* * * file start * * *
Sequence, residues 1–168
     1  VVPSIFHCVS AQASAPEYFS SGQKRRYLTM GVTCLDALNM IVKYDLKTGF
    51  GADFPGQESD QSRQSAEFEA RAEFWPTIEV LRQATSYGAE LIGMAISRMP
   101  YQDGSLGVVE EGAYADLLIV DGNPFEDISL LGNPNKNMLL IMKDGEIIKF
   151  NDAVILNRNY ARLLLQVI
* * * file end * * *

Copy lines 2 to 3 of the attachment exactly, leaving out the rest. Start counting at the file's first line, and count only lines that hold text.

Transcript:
     1  VVPSIFHCVS AQASAPEYFS SGQKRRYLTM GVTCLDALNM IVKYDLKTGF
    51  GADFPGQESD QSRQSAEFEA RAEFWPTIEV LRQATSYGAE LIGMAISRMP